And don’t be afraid of using your powers of judgment. Judgment, if it’s harsh, unthinking, too quick to really read the situation, is being judgmental. You don’t want to be judgmental, but you do want to be judicious. You want to use your powers of judgment to gain a sense of circumspection. Try to manage your meditation, keep it on track, remind yourself that there’s no one silver bullet that’s going to do everything for you. Just because one of the bullets doesn’t do everything for you doesn’t mean it’s useless. Don’t throw them away. Keep them in your collection, so you have just the right bullet to shoot down whichever defilement is in the way, whichever problem is in the way.

In doing this, you develop your powers of discernment so that they really are all around. That’s what circumspection means: You look all around. As the Buddha once said, it’s not that he praises all practices or condemns all practices, he doesn’t praise every form of renunciation, he doesn’t condemn every form of renunciation. He would praise the practices that would lead to fewer defilements, and condemn the ones that don’t. The test, of course, is when you apply a particular strategy or apply a particular tactic, what are the results?—realizing that you have to look at the results from many different angles. Ajaan Maha Boowa once said that this is one of the lessons he had to learn from Ajaan Mun, that he himself was the sort who tend to go off on a single-minded tangent. Ajaan Mun would have to remind there were other dimensions to think about. Look all around you as you practice, to make sure you are not going off on one extreme.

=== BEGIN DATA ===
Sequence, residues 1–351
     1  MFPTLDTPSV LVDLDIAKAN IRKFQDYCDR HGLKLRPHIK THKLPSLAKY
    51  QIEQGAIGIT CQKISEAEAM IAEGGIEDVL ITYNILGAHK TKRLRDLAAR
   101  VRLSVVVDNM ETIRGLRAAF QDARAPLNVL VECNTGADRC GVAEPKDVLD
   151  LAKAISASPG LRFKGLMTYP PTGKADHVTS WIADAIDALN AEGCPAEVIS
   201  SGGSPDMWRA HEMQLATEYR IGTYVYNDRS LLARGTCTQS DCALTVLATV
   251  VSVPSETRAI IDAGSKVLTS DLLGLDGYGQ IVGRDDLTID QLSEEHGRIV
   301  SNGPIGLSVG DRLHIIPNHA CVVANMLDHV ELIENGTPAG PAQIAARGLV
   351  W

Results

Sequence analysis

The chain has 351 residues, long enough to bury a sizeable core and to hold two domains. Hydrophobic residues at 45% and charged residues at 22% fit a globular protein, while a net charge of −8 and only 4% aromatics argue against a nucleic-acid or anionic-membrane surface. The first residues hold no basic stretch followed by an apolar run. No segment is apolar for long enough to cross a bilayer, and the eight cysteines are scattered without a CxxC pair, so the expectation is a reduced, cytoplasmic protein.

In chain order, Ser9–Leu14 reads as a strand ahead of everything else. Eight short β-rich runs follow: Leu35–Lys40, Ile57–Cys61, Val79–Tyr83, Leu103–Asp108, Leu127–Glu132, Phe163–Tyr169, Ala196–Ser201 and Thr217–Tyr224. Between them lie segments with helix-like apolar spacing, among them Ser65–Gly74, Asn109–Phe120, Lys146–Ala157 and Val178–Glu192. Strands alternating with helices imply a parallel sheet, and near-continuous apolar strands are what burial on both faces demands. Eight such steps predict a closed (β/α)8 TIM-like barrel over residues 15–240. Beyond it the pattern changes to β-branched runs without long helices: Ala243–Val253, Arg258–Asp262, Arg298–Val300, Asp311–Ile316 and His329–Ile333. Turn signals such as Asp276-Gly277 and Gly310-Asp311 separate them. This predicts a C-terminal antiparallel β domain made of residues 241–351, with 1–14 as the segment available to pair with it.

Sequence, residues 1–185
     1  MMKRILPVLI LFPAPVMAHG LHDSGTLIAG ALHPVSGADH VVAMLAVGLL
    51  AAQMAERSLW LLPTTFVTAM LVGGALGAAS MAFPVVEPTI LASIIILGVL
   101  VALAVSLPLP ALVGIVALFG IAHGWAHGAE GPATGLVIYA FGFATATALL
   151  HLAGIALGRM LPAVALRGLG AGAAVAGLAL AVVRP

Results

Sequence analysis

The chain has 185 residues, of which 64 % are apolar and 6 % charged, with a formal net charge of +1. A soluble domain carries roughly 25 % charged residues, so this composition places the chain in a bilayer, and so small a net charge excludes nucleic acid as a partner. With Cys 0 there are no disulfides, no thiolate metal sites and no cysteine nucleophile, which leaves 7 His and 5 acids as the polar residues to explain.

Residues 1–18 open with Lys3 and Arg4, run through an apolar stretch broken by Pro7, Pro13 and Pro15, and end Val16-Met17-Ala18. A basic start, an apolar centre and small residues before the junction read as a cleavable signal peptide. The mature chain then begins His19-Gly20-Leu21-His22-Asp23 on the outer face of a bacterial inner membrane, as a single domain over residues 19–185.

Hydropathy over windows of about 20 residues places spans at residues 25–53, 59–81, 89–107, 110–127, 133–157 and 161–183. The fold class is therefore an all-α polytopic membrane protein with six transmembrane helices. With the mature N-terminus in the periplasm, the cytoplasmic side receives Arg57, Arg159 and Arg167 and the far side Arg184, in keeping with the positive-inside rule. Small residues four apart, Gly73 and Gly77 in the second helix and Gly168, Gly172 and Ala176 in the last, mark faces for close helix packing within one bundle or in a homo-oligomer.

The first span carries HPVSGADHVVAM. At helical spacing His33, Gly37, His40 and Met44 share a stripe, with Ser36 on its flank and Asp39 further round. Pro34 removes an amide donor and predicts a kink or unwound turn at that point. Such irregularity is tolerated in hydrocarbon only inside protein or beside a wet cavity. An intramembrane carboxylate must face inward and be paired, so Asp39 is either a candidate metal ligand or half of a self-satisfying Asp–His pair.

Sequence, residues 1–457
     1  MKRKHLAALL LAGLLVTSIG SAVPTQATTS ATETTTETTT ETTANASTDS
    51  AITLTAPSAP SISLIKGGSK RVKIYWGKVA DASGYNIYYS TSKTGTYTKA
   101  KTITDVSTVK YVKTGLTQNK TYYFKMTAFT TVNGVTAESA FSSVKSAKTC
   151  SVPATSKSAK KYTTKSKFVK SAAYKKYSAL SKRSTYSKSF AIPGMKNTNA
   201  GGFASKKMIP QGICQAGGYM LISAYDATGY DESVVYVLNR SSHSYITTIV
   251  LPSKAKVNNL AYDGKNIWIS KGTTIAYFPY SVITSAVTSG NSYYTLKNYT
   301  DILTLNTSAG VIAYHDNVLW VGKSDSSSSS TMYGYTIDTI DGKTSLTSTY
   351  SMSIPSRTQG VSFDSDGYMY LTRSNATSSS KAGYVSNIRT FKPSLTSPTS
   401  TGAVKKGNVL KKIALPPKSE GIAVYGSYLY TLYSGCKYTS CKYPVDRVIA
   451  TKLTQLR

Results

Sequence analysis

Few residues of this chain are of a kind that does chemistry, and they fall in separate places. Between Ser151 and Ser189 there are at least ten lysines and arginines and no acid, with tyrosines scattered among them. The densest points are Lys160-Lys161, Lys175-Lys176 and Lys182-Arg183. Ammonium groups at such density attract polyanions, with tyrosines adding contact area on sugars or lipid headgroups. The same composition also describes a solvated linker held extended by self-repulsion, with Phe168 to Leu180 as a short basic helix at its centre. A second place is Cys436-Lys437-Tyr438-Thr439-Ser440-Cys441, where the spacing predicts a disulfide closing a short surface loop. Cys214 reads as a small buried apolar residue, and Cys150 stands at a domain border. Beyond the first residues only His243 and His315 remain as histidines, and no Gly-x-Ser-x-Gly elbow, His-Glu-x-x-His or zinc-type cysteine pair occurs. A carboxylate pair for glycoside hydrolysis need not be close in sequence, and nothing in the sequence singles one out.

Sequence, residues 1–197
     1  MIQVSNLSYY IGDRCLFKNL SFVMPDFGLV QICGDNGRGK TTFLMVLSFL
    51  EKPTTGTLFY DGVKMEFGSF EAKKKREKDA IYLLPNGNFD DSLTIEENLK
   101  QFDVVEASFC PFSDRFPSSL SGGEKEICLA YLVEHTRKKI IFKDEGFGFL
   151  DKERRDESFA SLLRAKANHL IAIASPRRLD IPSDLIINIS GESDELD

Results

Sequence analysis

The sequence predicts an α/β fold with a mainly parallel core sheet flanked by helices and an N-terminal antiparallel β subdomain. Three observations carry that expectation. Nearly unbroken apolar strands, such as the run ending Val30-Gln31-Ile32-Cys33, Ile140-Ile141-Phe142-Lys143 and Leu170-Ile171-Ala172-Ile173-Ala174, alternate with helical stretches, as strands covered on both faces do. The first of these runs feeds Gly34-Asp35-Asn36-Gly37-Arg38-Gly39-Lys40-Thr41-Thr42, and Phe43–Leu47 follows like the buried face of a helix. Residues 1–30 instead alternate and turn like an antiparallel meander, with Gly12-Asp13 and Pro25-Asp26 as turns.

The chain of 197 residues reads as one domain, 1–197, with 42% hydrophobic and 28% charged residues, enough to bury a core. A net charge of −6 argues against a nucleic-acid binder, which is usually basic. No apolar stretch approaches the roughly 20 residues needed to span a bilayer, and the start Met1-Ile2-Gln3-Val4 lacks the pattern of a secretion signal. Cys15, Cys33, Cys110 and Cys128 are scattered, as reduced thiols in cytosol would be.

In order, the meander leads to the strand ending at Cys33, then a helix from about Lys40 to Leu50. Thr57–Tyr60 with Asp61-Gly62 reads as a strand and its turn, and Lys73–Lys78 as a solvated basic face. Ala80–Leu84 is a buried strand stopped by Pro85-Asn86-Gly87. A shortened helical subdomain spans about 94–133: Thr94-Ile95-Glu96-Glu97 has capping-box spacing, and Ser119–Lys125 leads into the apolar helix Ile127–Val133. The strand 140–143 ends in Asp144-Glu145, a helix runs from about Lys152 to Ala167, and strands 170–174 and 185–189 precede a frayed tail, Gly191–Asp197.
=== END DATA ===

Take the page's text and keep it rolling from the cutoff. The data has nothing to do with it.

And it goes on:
This is how you get on the middle way: by looking to the left and the right, and forward and back, to make sure you’re on track.